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Patient-centered research for standards of outcomes in diagnostic tests (PROD)
Investigator (PI): Thompson, Matthew
Performing Organization (PO): (Current): University of Washington, School of Medicine, Department of Family Medicine / (206) 543-3101
Supporting Agency (SA): Patient-Centered Outcomes Research Institute (PCORI)
Initial Year: 2016
Final Year: 2019
Record Source/Award ID: PCORI/ME-1503-29245
Funding: Total Award Amount: $1,099,534.00
Award Type: Contract
Award Information: PCORI: More information and project results (when completed)
Abstract: Problem the project seeks to solve: Imaging tests--such as X rays, ultrasound scans, CAT scans, and MRI scans--are commonly used in modern health care. These tests are used to detect disease, and they help predict disease progression. Despite such value, concerns that these tests are overused abound. Patients and health care professionals do not have access to information in order to weigh the beneficial and potentially harmful effects of imaging tests. PCORI highlighted the lack of standards for evaluating diagnostic tests and the need to develop improved methods to measure the impact of diagnostic tests on patient outcomes. Outcomes we hope to achieve: The PROD study will provide new guidelines to allow patients and health care providers to make more informed choices about diagnostic tests. We will explore patient, caregiver, and health care stakeholder experiences with different types of imaging tests, and identify the most important patient-centered outcomes. We will systematically review the existing literature for imaging tests over 27 priority areas, and we will determine which patient-centered outcomes are used in existing studies. Finally, we will produce new guidelines for how to judge imaging tests, with a focus on the 27 priority clinical areas, and we will explore ways to communicate this information with patients. Background on why this is important to patients: An estimated 6 billion tests, including approximately half a million imaging tests, are performed each year in the United States. The costs of these tests have escalated two to three times faster than have prescription drug costs. While imaging tests provide many health benefits, some people are concerned that they are being overused. The Choosing Wisely initiative, which is supported by 73 professional organizations, identified 272 tests and treatments that are potentially overused in outpatient settings. Of these, imaging tests are potentially overused in 27 clinical areas. At present, patients and their health care providers have limited ways to make informed choices about which tests to select. This is because, currently, most test evaluation is based on accuracy, which is important, but overlooks many other patient-centered outcomes that may be equally important to patients. How will patients and other stakeholders help the project to succeed? We have engaged many different stakeholders for the PROD study. We will recruit patient stakeholders from the CERTAIN (Comparative Effectiveness Research Translation Network) Patient Advisory Network, and from a five-state (Washington, Wyoming, Alaska, Montana, and Idaho) practice and research network. Patients will become active "patient researchers" and be involved in all aspects of the PROD study. In addition, we will engage with primary care clinicians, radiologists, and other health care stakeholders who are involved in day-to-day use of imaging tests. Additional stakeholders include Choosing Wisely, the American College of Radiologists, and the diagnostics industry.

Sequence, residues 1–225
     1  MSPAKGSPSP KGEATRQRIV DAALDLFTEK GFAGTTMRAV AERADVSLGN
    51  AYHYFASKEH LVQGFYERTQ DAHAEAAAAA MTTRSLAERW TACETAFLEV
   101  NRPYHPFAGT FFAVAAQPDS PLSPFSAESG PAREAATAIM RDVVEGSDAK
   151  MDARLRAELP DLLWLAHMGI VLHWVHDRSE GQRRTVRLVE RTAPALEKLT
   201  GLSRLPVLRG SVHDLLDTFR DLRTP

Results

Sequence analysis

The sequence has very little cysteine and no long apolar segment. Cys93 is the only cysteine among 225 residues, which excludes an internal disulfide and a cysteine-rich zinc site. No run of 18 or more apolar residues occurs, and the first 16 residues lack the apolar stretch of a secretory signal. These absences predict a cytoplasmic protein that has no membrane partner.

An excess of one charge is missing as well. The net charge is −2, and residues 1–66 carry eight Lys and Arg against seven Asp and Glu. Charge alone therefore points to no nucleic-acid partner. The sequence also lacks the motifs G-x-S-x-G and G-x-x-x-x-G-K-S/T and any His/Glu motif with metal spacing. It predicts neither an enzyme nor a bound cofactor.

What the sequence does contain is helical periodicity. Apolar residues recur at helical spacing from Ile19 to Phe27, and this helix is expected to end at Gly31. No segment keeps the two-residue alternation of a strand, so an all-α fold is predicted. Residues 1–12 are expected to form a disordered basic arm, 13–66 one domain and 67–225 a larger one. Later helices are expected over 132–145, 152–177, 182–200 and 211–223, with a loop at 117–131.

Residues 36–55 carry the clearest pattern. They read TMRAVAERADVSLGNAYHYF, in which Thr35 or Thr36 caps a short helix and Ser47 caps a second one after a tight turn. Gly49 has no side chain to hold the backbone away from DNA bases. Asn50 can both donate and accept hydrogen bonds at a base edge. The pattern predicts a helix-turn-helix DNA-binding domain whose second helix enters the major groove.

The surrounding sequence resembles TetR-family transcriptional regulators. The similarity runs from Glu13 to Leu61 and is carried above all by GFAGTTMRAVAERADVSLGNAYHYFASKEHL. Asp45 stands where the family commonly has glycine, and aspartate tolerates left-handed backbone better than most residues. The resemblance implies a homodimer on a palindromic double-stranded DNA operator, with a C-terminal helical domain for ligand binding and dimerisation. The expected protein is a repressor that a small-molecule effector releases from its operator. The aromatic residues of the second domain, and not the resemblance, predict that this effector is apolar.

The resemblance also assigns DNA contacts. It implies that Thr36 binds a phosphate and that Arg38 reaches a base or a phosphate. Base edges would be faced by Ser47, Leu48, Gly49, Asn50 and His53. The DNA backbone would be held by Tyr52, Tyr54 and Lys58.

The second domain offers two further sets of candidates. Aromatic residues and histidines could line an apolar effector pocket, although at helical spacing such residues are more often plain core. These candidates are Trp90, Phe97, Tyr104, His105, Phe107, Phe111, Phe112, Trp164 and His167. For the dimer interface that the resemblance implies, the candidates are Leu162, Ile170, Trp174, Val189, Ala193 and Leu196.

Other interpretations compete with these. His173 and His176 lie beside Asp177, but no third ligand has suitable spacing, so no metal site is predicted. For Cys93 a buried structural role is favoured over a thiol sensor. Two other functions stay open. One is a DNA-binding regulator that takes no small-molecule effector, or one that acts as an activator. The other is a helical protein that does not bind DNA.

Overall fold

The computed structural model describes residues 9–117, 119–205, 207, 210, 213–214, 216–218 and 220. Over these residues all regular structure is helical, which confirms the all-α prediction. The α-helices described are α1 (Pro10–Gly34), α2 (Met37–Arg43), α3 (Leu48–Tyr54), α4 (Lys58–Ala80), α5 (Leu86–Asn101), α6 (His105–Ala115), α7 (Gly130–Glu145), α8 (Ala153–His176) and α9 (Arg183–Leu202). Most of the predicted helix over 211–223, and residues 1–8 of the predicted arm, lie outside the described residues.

MeSH Terms:
  • Access to Information
  • Alaska
  • Caregivers
  • Communication
  • Comparative Effectiveness Research
  • Diagnostic Imaging /economics
  • /*methods
  • Disease Progression
  • Health Care Costs
  • Humans
  • Idaho
  • Inappropriate Prescribing
  • Montana
  • Multicenter Studies as Topic
  • Outcome Assessment (Health Care)
  • Patient Participation
  • * Patient-Centered Care
  • Radiology /methods
  • United States
  • Washington
  • Wyoming
Country: United States
State: Washington
Zip Code: 98195
UI: 20162170
Project Status: Ongoing
Record History: ('2018: Project extended to 2019.',)